Former "Jackass" Johnny Knoxville stars as the crackpot owner of a homemade, low-rent, out-of-control amusement park filled with dangerously unsafe rides. When a corporate mega-park opens nearby, jeopardizing his dream, our protagonist must rely on his estranged daughter and a bunch of misfit friends to save the day. No stranger to nut shots, Knoxville provided all his own stunts for this punishing slapstick comedy.84 minutes R.
Prince T'Challa (Chadwick Boseman) returns to the high-tech African nation of Wakanda to ascend its throne in the wake of his father's death (as seen in Captain America: Civil War). But a usurper to the throne (Michael B. Jordan) and a bad guy with a sonic claw (Andy Serkis) stand in his way. Good thing our hero's got a vibranium-powered suit of armor to fall back on. Ryan Coogler (Fruitvale Station, Creed) directs this magnificently designed, Shakespearian-style superhero epic.FULL REVIEW:Afrofuturist epic takes superheroics in a fresh direction by Devin D. O’Leary (2/22/2018). 134 minutes PG-13.
Three teenage girls make a pact to lose their virginity on prom night in what is essentially a reworking of every teen sex comedy since Porky's. However, by concentrating on the panicked parents (Leslie Mann, John Cena, Ike Barinholtz) scouring the town to prevent their daughters' deflowering, the film finds a fresh outlet for the raunchy outlandishness. There's all the usual sex, drugs and booze on display, but it's aimed sharply at the hypocritical (and mostly misplaced) Puritanism of the adults in the room. 102 minutes R.
For whatever contrived reasons, a mother with two children can't contact the police or get help when violent home invaders break into her "impenetrable" high-tech house and take her kids hostage. So she's got to go all Liam Neeson on their asses. Gabriel Union (Bring it On, Almost Christmas) stars, James McTeigue (V for Vendetta, Ninja Assassin) directs.88 minutes PG-13.
This drama relates the "inspiring and unknown true story" behind the beloved, chart-topping song that I've totally never heard of. If you're a big listener of Christian rock radio, maybe you have. The "unknown" story behind the 1999 song is that it was written by the band MercyMe's lead vocalist, Bart Millard, after his father died. First time actor J. Michael Finley stars as Bart. Dennis Quaid stars as his dad. Who dies. The film is directed by Andrew and Jon Erwin, who gave us previous Jesus-based flicks October Baby, Woodlawn and Moms' Night Out.110 minutes PG.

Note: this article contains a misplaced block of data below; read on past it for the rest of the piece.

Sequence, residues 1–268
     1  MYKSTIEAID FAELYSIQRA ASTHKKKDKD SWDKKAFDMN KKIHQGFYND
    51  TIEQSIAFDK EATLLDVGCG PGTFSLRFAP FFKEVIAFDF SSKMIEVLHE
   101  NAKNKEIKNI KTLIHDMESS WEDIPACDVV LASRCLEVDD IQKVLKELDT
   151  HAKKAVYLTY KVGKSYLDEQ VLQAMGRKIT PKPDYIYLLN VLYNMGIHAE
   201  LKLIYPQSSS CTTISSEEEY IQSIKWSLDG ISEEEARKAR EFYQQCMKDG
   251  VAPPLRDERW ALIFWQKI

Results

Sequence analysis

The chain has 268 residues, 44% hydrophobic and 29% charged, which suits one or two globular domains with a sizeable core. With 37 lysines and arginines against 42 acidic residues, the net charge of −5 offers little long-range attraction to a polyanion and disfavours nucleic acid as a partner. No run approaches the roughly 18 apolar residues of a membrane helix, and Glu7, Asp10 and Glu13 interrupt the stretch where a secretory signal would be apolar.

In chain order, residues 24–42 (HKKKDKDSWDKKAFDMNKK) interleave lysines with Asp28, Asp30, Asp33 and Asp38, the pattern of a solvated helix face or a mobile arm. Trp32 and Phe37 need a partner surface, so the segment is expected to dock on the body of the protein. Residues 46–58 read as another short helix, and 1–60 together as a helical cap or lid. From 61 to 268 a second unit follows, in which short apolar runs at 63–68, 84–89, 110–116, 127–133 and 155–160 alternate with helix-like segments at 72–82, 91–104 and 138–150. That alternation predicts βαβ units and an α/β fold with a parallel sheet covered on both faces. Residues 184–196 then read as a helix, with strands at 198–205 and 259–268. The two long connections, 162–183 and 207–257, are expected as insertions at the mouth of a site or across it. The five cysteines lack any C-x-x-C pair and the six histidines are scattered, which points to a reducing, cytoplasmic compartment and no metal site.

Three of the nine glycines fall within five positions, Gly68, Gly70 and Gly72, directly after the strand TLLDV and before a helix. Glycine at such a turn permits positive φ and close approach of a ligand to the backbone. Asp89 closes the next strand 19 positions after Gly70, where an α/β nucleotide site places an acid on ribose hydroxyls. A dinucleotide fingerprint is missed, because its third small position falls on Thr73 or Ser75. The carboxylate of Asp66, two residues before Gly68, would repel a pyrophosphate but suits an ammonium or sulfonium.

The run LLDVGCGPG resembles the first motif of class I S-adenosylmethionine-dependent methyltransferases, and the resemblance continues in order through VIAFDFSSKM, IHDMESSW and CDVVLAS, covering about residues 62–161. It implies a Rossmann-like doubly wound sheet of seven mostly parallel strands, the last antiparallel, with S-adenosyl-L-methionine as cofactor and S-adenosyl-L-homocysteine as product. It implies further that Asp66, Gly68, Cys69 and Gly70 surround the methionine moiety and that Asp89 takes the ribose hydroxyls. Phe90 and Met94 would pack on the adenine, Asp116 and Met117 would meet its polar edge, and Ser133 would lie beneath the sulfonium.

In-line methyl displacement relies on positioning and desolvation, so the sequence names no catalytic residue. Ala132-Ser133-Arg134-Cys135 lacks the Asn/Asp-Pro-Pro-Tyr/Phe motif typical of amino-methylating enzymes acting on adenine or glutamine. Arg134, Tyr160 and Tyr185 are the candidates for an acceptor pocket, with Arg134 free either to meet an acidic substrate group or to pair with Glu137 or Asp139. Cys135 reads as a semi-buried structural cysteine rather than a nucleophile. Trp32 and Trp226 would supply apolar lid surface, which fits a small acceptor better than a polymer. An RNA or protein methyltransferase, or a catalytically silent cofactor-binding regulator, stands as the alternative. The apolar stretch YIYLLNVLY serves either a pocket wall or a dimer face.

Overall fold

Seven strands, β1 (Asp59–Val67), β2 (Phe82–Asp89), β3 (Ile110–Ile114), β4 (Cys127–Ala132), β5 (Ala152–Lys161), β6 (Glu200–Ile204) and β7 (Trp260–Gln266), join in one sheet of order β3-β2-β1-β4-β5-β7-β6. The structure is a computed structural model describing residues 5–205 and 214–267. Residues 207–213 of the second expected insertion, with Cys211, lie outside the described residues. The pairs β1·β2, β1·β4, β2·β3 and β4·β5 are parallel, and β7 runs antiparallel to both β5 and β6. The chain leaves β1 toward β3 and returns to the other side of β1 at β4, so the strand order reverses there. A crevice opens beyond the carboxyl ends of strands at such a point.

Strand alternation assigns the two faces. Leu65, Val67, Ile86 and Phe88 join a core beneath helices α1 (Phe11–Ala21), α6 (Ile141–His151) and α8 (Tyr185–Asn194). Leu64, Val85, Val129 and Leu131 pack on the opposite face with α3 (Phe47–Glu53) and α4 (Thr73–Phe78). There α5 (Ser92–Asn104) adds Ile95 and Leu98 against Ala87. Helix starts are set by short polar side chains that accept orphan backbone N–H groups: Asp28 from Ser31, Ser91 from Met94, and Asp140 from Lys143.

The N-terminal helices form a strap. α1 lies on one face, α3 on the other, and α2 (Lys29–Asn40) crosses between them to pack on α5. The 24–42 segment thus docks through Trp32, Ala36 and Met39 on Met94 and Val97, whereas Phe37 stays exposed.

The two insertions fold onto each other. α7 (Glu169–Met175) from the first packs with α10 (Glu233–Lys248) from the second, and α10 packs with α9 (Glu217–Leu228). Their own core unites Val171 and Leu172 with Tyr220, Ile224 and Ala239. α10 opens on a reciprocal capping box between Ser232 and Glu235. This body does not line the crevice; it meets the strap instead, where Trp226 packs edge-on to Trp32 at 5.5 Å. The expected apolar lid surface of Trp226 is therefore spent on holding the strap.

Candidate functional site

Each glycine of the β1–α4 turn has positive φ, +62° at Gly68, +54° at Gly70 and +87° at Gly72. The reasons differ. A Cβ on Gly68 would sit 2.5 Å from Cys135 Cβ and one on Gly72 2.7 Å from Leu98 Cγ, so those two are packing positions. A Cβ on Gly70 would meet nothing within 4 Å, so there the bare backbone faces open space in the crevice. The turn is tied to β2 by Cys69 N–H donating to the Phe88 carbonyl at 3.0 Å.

Amy Schumer stars in this romantic comedy about an ordinary, insecure woman who conks her head in spin class and suddenly develops the self-confidence of the most beautiful woman on Earth—even though she's still ordinary looking. It's all about, you know, how appearances don't matter. Multigenerational supermodels Emily Ratajkowski, Naomi Campbell and Lauren Hutton are there to drive home the point.110 minutes PG-13.
In this prefab, uplifting, "based in a true story" sporting drama, the members of a high school girls' volleyball team in small town Iowa City try to cope with the sudden loss of their star player and team leader, Caroline Found, in a deadly moped crash. (Spoiler alert: They rally up and win the state championship anyway.) Helen Hunt stars as the inspirational coach.99 minutes PG.
Ernest Cline's retro-minded sci-fi novel comes to life with no less than Steven Spielberg in the director's chair. In near future America, people spend most of their time living in the virtual reality world of The Oasis. But when the reclusive creator of the game dies, he leaves behind a series of clues. The first player to solve them will gain control of The Oasis. Now it's up to one impoverished teen (Tye Sheradan) and his pals to crack it. This computer-generated Willy Wonka riff was made by nerdy suburban white kids obsessed with '80s films, music and video games for nerdy suburban white kids obsessed with '80s films, music and video games. As such, I'm definitely catching what they're pitching. But even I'm forced to admit this is less a well-reasoned story and more a checklist of groovy pop culture references.140 minutes PG-13.
I know you don't remember, but there was, in fact, a 2011 film called Gnomeo & Juliet. It was financed by Disney, but made through Canada's Starz Animation. It had songs by Elton John (old ones, but still). Ozzy Osbourne played a ceramic deer. This is the sequel. Johnny Depp provides the voice for Sherlock Gnomes, a ceramic detective hired to investigate the mysterious disappearance of a bunch of garden gnomes. Chiwitel Ejiofor is his sidekick, Gnome Watson. (Huh, guess they ran out of puns.)86 minutes PG.
A solid 17 years after its first cult hit, the Broken Lizard comedy troupe returns with this rude, drug-laced sequel. This time around our gang of undisciplined state troopers are involved in a border dispute between the US and Canada, which finds them patrolling the streets of a formerly peaceable (now antagonistic) Canadian town and occasionally throwing down with Mounties. Rob Lowe, Brian Cox, Fred Savage, Tyler Labine, Will Sasso and Lynda Carter (again) are among the guest stars.100 minutes R.
Madeleine L'Engle's beloved junior sci-fi novel gets adapted by the fine folks at Disney and director Ava DuVernay (Selma). Newcomer Storm Reid stars as Meg, a stubborn 13-year-old whose astrophysicist father (Chris Pine) is sucked into a kind of "tesseract" and disappears somewhere into the vast cosmos. With the help of her brainy brother, a new schoolmate and a trio of wise supernatural beings (played by Oprah Winfrey, Reese Witherspoon and Mindy Kaling), our underage heroine embarks on a trippy quest through time and space. It certainly looks shiny, with plenty of glitter and sequins, but the story comes across as pedantic and preachy when it should be filled with awe and wonder.109 minutes PG.